The NCAP was launched with a target to achieve 20 per cent to 30 per cent reduction in PM10 and PM2.5 levels by 2024, keeping 2017 as the base year for comparison of concentration. This was then further increased to 40 per cent by 2026. Most Indian cities are way behind the target. According to a study by Climate Trends and Respirer Living Sciences, based on data generated by Central Pollution Control Board, out of 46 cities tracked over the years, the PM10 level in 22 cities has worsened in the last five years, while only 8 cities have met the 2024 target of reducing pollution levels by 20 to 30 per cent.

Environmental concerns made a brief mention in Prime Minister Narendra Modi's rally in Delhi where he said that the Centre took “an important step” by giving e-buses to many cities, not just Delhi. Meanwhile, Union Minister Nitin Gadkari, during his rally in northeast Delhi, said that there has been no effort by the state government to eliminate pollution and filth in Delhi. Barring these, however, the pollution issue has barely appeared in BJP’s election campaigns.

The Congress manifesto, on the other hand, states it will “strengthen the National Clean Air Program in order to urgently tackle the problem of air pollution”. It also mentions that the party will work with state governments to stop the discharge of effluents into the rivers and water bodies of India.

Addressing a press conference last week, Congress leader Jairam Ramesh took up the issue and blamed Centre for not taking measures to reduce pollution in Delhi. "The India bloc is going to form the government and it will give priority to five issues related to the environment, including air pollution, afforestation of the Aravallis, reviving the Yamuna Action Plan," he said. This was one of the few times a leader of the INDIA bloc addressed the environmental concerns in these elections.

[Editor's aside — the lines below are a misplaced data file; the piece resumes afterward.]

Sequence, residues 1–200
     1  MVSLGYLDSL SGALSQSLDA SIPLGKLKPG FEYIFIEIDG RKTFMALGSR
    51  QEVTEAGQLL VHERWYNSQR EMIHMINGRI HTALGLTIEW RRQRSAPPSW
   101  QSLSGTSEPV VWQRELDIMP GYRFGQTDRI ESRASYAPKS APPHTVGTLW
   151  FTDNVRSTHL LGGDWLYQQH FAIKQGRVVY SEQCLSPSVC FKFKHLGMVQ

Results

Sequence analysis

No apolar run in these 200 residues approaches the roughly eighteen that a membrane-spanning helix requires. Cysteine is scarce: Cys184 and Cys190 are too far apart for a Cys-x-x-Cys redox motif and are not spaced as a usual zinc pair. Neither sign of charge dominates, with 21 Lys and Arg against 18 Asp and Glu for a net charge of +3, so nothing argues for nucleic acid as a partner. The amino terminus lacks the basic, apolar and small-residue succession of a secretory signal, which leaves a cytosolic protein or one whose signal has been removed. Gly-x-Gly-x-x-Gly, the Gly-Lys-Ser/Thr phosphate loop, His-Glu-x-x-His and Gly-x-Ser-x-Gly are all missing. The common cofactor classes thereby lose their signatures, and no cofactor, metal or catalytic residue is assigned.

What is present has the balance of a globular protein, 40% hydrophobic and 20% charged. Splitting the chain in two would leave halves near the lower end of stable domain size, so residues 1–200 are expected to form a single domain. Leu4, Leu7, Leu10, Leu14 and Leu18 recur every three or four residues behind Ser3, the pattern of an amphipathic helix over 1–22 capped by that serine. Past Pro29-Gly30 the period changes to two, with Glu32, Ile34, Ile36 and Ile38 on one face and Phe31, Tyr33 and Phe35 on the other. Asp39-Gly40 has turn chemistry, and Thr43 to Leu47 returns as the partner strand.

In both BJP and Congress manifesto, the primary environmental focus appears to be renewable energy. While Congress aims to provide clean cooking fuel at affordable prices, the BJP manifesto focuses on environment-based schemes like “PM Surya Ghar Yojana, Railway Electrification, PM e-Bus, promotion of EVs, ethanol and bio-fuel promotion”.

The Aam Aadmi Party’s ‘10 guarantees’ do not include anything to address Delhi’s pollution crisis. Chief Minister Arvind Kejriwal, who was released on bail on May 10, also did not bring up pollution in his speeches. As for the candidates, too, pollution and environmental concerns seem to not appear in any of their speeches.

“Pollution and climate crisis matters to the voters because it is a public health emergency. In a survey, it was found that 80 per cent of citizens are not breathing clean air and this is not just Delhi. In 2019, there was still talk about climate crisis but this time, political parties are not taking it seriously and simply passing the buck to each other,” says Avinash Chanchal, campaign manager, Greenpeace India.


“There needs to be better coordination between state and central agencies,” he adds.